Brace for December deadlines

The GOP started to blinked on Wednesday as Democrats explored several options for raising the ceiling on their own. One solution to emerge was a one-time change to the filibuster that would let Democrats raise the limit with a party-line vote. Biden floated blowing a hole in the filibuster on Tuesday, telling reporters it was "a real possibility" to avoid a federal default.

It may very well have forced McConnell's hand. "It's not an insignificant part of the calculation, I'm quite sure," Sen. Kevin Cramer of North Dakota told Insider in an interview.

The minority leader has long warned that eliminating or weakening the filibuster would plunge the Senate into chaos. Moderate Democrats Joe Manchin and Kyrsten Sinema were strongly opposed to any filibuster changes, but pressure on them to reverse course would likely intensify as the country hurtled toward the October 18 deadline.

While the deal only delays an inevitable debt-ceiling battle until the winter, it also staves off a horrific economic threat. Failure to raise the ceiling would be calamitous. Government funding would quickly freeze for Social Security beneficiaries, members of the armed services, and public workers. The country would slide into a recession and lose nearly 6 million jobs, Moody's Analytics estimated. American household wealth would plummet by $15 trillion as fears of a government default could tank stocks.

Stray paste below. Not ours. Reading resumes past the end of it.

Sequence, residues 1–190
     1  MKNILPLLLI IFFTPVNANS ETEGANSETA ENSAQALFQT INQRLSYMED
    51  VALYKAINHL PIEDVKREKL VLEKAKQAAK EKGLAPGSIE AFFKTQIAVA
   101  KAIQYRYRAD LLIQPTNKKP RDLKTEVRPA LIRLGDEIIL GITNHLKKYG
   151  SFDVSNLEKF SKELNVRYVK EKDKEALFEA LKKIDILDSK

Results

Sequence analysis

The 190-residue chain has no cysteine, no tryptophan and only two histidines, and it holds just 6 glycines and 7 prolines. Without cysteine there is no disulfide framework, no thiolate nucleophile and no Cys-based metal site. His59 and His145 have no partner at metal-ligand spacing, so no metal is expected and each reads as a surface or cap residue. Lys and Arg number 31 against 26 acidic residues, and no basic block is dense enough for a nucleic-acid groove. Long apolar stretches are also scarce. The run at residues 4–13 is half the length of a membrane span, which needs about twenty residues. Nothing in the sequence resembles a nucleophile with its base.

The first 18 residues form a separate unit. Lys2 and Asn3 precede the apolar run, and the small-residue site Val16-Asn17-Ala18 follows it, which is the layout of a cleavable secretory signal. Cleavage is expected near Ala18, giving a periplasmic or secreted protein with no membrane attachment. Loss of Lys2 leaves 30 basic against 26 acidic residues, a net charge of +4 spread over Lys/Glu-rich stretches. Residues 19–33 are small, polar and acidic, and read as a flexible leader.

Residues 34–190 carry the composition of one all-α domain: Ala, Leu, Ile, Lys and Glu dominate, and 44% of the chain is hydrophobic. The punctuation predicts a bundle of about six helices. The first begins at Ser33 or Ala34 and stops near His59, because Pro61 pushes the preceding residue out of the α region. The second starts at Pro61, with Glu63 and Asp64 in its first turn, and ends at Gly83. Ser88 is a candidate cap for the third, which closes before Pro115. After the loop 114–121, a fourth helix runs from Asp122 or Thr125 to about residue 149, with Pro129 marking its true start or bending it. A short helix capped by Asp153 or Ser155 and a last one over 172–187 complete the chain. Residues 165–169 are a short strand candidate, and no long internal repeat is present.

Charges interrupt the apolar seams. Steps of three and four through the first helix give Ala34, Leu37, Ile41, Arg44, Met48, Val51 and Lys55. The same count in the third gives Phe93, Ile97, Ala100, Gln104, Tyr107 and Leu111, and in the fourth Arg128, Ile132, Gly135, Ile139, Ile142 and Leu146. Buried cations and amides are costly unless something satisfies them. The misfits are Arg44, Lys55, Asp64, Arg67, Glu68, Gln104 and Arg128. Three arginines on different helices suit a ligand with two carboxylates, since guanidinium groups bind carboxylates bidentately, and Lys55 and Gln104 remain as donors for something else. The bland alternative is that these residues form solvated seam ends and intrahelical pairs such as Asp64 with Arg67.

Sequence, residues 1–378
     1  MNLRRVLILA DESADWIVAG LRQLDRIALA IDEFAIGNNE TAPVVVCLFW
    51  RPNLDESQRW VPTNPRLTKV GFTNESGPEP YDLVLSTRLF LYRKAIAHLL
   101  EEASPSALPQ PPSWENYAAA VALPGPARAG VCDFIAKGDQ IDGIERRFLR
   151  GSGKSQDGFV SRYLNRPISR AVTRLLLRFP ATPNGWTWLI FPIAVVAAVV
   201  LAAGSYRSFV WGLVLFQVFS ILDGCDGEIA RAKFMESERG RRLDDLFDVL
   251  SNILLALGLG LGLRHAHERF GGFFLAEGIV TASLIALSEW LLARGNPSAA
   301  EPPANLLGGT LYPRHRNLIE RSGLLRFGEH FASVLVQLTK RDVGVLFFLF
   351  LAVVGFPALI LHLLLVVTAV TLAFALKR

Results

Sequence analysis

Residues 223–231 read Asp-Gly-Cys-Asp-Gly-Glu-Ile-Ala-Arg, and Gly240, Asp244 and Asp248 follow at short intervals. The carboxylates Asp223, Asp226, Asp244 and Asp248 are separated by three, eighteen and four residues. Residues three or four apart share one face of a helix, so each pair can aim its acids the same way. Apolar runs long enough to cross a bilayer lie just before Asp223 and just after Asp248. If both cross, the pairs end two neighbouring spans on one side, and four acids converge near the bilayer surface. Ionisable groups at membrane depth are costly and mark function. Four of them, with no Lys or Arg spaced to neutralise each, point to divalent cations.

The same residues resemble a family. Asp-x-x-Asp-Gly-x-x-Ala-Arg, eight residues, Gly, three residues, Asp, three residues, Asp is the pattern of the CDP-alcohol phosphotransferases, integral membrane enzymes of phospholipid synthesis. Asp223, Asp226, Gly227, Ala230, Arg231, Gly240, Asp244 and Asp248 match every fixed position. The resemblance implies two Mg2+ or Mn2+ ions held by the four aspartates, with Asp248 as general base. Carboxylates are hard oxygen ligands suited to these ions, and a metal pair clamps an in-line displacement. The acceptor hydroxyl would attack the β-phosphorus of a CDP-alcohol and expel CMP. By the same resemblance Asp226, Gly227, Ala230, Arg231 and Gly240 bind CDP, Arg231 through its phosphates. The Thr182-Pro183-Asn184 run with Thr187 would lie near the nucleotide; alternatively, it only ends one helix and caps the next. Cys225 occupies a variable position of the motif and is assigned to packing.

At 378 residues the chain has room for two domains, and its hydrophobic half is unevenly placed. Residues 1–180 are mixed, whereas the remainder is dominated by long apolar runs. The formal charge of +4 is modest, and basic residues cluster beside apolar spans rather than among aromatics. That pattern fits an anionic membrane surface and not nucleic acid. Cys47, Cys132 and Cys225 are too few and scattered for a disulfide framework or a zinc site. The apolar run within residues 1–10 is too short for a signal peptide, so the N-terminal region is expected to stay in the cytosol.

Hitting the ceiling would also be disastrous for the country's global strength. The US dollar serves as the world's reserve currency, and its power relies on trust in the government to pay its debt.

Nothing would be "more harmful" to the currency than a default, Treasury Secretary Janet Yellen warned September 27. The dollar would quickly lose its relevance, interest rates would shoot higher, and Americans' payments on everything from credit-card bills to home loans would soar, she added.